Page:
The above was a letter written by Amanda Welch Eikenbary's oldest son, Fred Welch Eikenberry, to his sister Bertha Eikenbary Mayfield, December 18, 1935. It contained some inaccuracies, but it was our starting point for researching ancestors. There was enough accurate information in the letter to locate the families in census records. It took a little longer to locate the Woodward family since the reference to Amos Woodward in the letter was misleading. Fred Eikenberry actually meant Amos Williams Rachel's maternal grandfather. Amos Williams was also of Welsh descent but the woman we believe to be his wife was Irish. (See Williams page, but be wary, we lack proof yet that this is the right couple!)
Woodwards from Tennessee to IndianaRachel Woodward, Jr., came from Jefferson County, Tennessee, to Wayne County, Indiana, with her parents in 1814, when she was about a year old. The family probably came by horseback, as when her father, John Woodward died in 1821, each of the children had their own saddle.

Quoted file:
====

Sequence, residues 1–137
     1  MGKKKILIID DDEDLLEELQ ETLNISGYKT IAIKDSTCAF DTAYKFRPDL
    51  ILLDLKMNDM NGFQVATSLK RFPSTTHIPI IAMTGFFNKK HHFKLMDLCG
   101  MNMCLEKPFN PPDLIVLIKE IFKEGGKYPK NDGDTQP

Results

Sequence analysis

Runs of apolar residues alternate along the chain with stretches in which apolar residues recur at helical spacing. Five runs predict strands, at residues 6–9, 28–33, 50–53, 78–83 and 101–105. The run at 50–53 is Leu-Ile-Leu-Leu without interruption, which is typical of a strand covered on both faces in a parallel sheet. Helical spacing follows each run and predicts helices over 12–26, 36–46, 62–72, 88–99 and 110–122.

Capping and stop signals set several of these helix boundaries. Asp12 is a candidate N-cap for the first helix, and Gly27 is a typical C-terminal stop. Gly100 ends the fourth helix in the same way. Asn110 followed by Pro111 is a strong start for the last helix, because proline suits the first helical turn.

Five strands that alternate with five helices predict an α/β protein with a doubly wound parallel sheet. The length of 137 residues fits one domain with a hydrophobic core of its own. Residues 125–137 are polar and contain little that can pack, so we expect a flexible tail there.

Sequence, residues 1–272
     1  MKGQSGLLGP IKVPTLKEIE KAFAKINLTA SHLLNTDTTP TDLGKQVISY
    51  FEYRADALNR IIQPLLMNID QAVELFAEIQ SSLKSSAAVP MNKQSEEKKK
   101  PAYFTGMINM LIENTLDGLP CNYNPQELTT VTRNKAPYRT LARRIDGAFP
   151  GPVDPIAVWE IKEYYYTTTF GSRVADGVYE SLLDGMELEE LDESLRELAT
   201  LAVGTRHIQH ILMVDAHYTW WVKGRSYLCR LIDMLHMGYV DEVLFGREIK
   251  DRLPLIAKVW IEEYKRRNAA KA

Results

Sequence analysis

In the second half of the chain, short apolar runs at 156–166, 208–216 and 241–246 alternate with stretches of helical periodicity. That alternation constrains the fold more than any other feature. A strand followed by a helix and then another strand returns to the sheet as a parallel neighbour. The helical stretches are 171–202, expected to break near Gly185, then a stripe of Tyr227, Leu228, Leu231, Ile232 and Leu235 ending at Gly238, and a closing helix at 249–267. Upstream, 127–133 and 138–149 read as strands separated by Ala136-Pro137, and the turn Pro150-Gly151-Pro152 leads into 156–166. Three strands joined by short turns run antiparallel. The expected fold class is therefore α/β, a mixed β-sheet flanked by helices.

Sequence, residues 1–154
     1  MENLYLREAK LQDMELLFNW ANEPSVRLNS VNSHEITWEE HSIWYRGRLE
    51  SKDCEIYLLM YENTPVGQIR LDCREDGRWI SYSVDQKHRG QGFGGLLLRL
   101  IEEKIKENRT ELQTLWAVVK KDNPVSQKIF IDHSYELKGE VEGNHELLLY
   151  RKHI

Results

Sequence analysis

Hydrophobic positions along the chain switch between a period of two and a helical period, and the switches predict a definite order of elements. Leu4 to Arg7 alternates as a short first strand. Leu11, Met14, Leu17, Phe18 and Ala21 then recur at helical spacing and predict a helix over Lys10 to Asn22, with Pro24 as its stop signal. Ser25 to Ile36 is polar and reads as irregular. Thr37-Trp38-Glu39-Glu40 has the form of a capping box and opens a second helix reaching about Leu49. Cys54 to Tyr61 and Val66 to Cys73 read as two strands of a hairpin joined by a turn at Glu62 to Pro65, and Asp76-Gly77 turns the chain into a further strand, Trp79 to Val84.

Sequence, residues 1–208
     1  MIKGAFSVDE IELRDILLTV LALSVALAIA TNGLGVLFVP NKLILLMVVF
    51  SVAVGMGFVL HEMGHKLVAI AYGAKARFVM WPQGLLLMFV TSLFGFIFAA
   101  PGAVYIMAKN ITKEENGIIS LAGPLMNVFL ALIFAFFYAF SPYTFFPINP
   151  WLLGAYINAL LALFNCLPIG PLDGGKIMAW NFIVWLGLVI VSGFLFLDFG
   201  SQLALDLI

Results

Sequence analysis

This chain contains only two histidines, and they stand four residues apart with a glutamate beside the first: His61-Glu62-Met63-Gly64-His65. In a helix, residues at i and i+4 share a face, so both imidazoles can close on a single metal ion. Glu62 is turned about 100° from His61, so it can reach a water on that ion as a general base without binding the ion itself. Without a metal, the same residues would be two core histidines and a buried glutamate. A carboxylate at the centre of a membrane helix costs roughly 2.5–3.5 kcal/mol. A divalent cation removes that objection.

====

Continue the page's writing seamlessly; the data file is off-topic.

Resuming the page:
In the 1820 census the Woodward family is located two doors from Amos Williams, father of Rachel Williams Woodward, Rachel Woodward, Jr.s mother .
Welches in IndianaIn the 1830 census the Woodward family is located two families away from the Joshua Welch & James Williams families. Joshua Welch was Harvey's father and James Williams (no connection to Rachel's Williams family, that we know of) was married to Harvey's sister Victoria Welch. So, as was often the case, a young man married the girl "next door."
By 1840 Harvey and Rachel Woodward Welch had established their own farm, next door to Rachel's brothers, John Woodward, Jr., and Aaron Woodward.
In the 1850 census the children are listed as above, except one female child from 1840 is not listed and we had assumed she died. However, we learned that a Sarah Jane Welch married Stephen Carr, brother of William Carr, who married Lydia Ellen Welch. The marriage took place December 12, 1858, in Mercer County. Sarah Jane Carr is listed as age 20 in the 1860 census - or born about 1839 or 1840. In the 1880 census in Grayson County, Texas, William Welch is living with Stephen and Sarah Jane Welch Carr and is listed as brother-in-law. More on this family on the Stephen Carr page.
In the 1850 census Harvey & Rachel Woodward Welch are living next door to Rachel's 85 year old mother, Rachel Woodward and her unmarried sister Eliza. Brother John Woodward, Jr., still lives nearby but the Welch families have moved on to Warren County, Indiana.